Our last day in Cappadocia we went to the underground cities, after i took several pain pills. My butt, hips and everything in between were in so much pain and were actually swollen. It hurt to walk, stand or sit but I toughed thru it. There are several underground cities nearby and we choose the main one, Kaymakli. There are roughly 100 tunnels that go up to 8 stories underground, although only four floors are open to tourist. Everywhere you looked there was several tunnel options and if it wasn’t for some small little arrows over some, you could be lost in there for a long time. I thought the coolest part was the ventilation shafts which you couldn’t see the bottom of but felt a strong breeze of cool air always coming though. There were rooms used as storage, kitchens, churches, stables and living spaces, but most were labeled storage. After one claustrophobic hour in there, we headed back to our hotel and got ready for a
This is my friend Margret. She followed me often
12 hour overnight bus to Istanbul.
Once again, madness on the bus. Despite how spoiled it makes me sound, the tv hardly worked and had no english, despite the fact that only 6 people on the bus spoke turkish. Wi-fi didn’t work again. Then a group of 20-25 french students decided to sit anywhere they wanted and messed up everyone else seating arraignments. This wasn’t really a problem until those 6 turkish people came on and the two eldest (probably in their 80s) demanded their seats, which made a group of spanish girls demand their seats, which pushed the finnish and argentinian and brazilian back, and so on and so on. Sarah was trying to get back on the bus when this happened and claims she got hit by the older turkish later (I responded by saying, “Hit her back”). The best was when everyone was yelling at the bus assistant in English but he didn’t speak any english and was trying to sort everything out. Quite entertaining and for once i finally slept on an overnight bus!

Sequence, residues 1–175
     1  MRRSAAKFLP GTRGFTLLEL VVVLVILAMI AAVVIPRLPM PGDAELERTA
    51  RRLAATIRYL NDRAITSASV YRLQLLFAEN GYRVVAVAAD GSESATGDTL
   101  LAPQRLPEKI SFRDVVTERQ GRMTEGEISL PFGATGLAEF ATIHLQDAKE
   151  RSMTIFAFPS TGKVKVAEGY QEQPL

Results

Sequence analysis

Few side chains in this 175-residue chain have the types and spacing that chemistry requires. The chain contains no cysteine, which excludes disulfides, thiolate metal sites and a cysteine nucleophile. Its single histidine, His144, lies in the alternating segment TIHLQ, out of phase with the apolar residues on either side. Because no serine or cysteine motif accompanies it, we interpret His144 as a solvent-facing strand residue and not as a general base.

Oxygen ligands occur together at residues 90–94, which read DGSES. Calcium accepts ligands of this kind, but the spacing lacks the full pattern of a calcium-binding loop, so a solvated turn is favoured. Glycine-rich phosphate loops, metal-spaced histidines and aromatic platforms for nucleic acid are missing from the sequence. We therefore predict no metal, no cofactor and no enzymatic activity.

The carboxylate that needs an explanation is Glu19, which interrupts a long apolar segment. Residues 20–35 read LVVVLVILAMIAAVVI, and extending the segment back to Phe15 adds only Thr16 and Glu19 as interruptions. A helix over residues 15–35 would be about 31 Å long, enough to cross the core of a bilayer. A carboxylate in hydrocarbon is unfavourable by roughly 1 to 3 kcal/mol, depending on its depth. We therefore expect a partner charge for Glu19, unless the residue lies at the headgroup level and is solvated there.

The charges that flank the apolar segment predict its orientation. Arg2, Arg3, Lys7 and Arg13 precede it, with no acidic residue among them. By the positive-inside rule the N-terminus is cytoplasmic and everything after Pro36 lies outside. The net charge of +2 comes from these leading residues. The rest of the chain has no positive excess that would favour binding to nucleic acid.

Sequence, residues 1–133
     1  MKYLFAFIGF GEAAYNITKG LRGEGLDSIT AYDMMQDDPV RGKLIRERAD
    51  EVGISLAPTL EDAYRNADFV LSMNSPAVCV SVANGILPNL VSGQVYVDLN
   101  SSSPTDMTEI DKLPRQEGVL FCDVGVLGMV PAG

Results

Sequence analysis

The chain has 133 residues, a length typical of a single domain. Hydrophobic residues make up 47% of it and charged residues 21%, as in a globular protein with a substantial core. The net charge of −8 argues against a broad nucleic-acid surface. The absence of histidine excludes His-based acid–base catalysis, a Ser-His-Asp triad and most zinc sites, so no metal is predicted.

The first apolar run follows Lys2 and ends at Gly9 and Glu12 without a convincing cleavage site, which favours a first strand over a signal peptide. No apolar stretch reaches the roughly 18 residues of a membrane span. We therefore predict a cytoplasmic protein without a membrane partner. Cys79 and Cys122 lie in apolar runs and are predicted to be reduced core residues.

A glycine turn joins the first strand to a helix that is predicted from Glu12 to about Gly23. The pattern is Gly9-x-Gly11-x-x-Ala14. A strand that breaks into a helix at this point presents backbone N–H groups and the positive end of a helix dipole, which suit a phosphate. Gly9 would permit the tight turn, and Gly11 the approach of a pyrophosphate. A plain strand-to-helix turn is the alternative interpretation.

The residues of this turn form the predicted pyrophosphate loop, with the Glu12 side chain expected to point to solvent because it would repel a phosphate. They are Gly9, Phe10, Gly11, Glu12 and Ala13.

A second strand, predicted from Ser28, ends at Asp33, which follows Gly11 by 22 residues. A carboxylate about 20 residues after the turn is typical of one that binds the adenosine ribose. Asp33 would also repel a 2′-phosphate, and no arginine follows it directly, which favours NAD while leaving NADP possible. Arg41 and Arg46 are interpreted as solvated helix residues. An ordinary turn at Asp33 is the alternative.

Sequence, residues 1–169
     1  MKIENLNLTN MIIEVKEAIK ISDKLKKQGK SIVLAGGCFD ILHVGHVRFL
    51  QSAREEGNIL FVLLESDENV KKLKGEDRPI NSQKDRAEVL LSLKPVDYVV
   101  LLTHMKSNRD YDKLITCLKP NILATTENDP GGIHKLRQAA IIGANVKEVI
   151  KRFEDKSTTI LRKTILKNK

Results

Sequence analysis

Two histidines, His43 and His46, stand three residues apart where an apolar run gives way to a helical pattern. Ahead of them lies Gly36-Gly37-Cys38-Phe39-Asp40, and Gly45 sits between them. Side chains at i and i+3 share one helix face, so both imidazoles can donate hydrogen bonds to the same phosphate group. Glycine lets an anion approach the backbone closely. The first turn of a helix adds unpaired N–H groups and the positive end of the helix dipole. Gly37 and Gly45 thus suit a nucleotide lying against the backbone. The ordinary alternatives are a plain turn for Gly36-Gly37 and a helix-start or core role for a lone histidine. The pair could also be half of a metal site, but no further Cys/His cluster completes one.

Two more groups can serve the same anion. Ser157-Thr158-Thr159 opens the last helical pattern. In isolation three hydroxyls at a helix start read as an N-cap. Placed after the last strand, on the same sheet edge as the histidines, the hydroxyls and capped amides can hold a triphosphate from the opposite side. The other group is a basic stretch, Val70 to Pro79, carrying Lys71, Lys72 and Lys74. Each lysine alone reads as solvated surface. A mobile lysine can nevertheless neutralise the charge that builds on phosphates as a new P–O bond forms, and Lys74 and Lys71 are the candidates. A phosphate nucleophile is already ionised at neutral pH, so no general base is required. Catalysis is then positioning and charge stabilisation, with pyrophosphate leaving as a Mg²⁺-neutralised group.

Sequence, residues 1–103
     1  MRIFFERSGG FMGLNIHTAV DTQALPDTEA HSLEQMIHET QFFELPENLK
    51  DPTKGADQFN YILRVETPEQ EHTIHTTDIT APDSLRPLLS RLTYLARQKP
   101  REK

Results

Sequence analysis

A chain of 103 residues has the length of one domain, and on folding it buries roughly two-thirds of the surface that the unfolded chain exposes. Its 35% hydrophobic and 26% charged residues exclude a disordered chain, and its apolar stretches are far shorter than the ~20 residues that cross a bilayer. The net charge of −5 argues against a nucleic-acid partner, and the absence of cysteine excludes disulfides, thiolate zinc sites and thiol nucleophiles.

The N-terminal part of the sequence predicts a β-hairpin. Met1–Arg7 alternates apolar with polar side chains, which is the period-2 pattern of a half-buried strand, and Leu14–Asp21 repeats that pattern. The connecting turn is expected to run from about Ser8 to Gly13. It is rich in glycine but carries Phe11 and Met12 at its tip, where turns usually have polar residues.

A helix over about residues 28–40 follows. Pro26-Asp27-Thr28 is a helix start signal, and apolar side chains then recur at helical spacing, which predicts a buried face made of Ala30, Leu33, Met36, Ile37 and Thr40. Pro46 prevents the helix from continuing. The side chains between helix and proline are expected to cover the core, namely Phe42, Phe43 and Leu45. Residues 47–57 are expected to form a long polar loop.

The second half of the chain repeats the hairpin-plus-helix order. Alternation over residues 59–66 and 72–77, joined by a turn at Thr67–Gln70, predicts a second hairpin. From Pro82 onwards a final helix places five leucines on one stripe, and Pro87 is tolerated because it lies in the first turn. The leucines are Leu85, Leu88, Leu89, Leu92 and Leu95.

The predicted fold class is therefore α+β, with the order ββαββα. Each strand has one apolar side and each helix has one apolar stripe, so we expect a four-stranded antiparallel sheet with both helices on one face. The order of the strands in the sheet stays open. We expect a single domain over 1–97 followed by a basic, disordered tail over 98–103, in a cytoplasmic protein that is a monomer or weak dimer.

We are now finally in Istanbul, the last stop for sarah. Since our hotel is near the Blue
Margret and myself
mosque, thats where we started after getting some food. The actual name is Sultan Ahmed Mosque but the inside is covered with blue tiles where it gets its nickname. I didn’t think this was anything special, seems like other mosques i have been in. The outside was huge and pretty cool though. Right near the blue mosque is one of the other main sites, the Hagia Sophia, so we headed on over. This was interesting cause it started as a church, then a mosque and now is just a museum. However, for over a thousand years it was the largest cathedral in the world and the inside was basically one massive room. I thought the coolest part were the lights, which were unfortunately only added recently but that person who picked them out should be in the lighting hall of fame. It was also cool to see Christian art next to Islamic art.
After sleeping in, I decided to fork over the money and pay someone to wash me. Alright, it wasn’t just that, I went to an authentic turkish bath. Based on recommendations by my favorite travel website, OTP, and by other travel website, everyone said to